“I’ll vote for you!” someone called out.

“Tell us more!” said the Guerrillas. They were slowly stepping towards me, through the Yard.

“The people who rule you now don't care about you!” I shouted. “I care about you!”

“You care about us!” they cried in disbelief.

“The people who rule you don't know how to make things better! But I know how to make things better!”

“Make things better!” they wept.

“Yes! I can make things better! And I need your help!” I said.

“What can we do?”

“I need your support!”

“We support you!”

“I need your money!”

“Take our money!”

“I need your trust! I need your love!”

“We trust you! We love you!”

Anchorman Ted
“And …” I said, looking down at them all, my hands outstretched “... I need you to love each other!”

They all stopped in their tracks and looked at each other. The crowd of strangers in the Yard waited for what happened next.

“Kill him,” they all agreed. Torque, Wee-Bear and I looked shocked and scared.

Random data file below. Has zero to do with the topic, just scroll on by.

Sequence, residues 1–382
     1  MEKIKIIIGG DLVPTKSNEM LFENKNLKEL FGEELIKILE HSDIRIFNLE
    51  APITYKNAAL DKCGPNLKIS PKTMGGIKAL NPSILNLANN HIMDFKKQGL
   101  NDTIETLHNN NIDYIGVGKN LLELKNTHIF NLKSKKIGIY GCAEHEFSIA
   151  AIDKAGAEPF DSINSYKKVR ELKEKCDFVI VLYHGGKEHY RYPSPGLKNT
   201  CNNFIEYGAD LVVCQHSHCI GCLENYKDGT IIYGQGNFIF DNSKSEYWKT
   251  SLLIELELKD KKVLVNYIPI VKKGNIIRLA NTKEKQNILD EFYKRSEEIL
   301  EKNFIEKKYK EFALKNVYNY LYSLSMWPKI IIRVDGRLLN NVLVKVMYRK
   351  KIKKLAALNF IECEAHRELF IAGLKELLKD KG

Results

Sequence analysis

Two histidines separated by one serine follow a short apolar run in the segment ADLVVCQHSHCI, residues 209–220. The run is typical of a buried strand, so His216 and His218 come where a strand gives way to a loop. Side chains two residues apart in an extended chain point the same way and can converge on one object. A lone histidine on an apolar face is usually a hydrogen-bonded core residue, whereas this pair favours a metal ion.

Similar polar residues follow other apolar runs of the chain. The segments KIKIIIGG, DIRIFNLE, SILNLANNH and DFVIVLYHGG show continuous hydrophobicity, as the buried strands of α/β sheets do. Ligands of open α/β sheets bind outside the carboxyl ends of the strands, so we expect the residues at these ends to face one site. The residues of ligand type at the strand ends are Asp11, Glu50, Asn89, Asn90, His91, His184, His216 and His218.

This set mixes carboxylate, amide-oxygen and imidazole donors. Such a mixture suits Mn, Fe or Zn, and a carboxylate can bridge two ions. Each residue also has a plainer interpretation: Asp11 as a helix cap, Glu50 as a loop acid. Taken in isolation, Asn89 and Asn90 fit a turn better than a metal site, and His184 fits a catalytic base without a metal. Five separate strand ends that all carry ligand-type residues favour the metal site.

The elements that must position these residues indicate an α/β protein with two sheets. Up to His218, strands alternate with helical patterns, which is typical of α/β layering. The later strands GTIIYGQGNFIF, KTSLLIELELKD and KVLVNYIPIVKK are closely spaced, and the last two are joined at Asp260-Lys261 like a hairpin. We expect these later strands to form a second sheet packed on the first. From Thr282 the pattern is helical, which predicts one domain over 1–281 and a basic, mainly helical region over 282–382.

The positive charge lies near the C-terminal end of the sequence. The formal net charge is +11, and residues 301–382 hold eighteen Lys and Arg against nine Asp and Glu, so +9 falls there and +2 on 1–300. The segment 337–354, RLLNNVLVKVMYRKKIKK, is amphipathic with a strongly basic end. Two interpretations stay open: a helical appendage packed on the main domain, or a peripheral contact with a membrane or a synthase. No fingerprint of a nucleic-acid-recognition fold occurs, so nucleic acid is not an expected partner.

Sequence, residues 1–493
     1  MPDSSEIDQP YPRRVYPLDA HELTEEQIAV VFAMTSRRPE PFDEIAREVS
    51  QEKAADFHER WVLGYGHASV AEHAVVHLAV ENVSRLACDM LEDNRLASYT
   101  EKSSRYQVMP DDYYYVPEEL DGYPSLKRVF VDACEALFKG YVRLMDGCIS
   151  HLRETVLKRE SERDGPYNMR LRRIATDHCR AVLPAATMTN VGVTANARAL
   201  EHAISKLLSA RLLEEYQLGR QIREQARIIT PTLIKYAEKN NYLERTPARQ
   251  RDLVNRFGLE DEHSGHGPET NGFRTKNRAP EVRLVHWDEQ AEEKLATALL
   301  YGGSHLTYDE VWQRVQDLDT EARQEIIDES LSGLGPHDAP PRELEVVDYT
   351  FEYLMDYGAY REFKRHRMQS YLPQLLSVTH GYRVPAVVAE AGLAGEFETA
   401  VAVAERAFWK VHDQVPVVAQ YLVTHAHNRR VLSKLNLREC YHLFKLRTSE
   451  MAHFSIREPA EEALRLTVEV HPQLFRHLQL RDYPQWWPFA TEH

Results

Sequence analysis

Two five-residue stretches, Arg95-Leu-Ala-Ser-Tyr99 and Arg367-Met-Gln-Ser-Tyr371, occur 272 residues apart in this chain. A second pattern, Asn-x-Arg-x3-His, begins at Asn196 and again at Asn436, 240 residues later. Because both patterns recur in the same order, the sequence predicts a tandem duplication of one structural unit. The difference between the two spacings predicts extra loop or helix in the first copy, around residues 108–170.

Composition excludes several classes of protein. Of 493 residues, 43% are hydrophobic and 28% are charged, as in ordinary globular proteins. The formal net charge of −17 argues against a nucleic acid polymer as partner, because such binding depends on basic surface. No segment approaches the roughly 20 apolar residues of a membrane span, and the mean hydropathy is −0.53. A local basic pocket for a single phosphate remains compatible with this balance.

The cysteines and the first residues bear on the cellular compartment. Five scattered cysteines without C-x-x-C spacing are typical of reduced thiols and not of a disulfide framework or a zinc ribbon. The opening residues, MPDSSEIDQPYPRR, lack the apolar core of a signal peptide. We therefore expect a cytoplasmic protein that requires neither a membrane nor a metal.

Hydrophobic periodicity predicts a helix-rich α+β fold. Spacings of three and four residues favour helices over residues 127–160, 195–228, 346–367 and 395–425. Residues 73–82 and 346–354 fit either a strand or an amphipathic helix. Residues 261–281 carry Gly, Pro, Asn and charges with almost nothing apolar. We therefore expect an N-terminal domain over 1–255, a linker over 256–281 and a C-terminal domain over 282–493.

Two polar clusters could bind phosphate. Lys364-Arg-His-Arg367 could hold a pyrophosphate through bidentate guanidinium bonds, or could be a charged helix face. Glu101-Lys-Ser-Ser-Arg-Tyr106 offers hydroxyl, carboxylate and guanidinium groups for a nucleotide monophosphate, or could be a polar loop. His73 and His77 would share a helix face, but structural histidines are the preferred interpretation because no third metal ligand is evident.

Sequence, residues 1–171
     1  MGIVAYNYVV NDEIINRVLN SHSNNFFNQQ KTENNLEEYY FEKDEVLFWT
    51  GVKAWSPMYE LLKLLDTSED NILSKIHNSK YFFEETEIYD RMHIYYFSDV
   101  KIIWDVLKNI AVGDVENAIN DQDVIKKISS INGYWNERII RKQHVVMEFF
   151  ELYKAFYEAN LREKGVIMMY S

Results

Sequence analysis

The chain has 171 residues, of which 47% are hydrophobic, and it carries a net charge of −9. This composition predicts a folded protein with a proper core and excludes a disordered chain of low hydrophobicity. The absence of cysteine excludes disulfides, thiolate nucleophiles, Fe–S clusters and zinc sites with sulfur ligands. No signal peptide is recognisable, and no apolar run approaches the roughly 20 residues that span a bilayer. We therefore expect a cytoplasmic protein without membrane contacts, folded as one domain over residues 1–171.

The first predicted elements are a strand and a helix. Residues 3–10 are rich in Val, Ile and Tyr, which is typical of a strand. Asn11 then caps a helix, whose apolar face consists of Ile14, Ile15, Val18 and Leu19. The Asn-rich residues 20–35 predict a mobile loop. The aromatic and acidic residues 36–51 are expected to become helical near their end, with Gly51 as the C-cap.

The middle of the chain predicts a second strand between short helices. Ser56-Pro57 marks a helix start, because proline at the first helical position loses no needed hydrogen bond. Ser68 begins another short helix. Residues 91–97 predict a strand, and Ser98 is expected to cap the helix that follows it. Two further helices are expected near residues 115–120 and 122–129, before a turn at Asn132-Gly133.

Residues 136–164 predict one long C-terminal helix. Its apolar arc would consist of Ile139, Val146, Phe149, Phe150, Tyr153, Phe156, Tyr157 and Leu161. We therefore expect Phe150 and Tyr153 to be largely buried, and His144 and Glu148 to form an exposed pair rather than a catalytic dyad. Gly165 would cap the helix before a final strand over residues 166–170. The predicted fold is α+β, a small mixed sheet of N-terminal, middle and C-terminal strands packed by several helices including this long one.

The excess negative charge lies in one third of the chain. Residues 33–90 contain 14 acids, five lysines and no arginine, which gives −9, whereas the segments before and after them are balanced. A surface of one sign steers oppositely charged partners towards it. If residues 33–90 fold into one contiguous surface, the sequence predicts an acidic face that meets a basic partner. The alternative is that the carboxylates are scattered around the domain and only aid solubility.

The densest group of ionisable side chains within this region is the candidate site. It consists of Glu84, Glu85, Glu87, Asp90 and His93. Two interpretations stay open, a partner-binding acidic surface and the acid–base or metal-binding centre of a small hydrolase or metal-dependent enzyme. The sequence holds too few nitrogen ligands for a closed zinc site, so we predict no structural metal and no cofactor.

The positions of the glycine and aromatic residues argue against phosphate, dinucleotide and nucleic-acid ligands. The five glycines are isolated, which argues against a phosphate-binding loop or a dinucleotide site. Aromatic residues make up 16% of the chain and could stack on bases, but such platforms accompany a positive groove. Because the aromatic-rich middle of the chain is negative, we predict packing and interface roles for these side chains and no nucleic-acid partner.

“Kill him!” they yelled again, and lunged for us, but we had turned around and were sprinting through the shrubs and bushes that blocked the way behind us. We tore through the traffic across Euclid Hts. Boulevard as Jelly Jam, Mammy, Beemer and Retro took after us, shouting with hate.

Who knows what happened at the Yard, we were too full of the notion that maybe we were being pursued, that perhaps our actions were somehow illegal, which they weren’t, but that maybe cops would try to stop us or something.

In any case, we jumped in our cars, and took off, back to Tremont.

We were putting things away at the building when my fiancée called.

“Turn on Channel 5,” she said.

“What? Why?”

“No time!”

So we all gathered in the sitting room and switched on the TV, and there was Anchorman Ted.

“From the strange to the bizarre,” said Anchorman Ted, “Impromptu theater took on new meaning tonight in town when a group of actors paid a very unannounced visit to the Arabica coffee shop on Coventry!”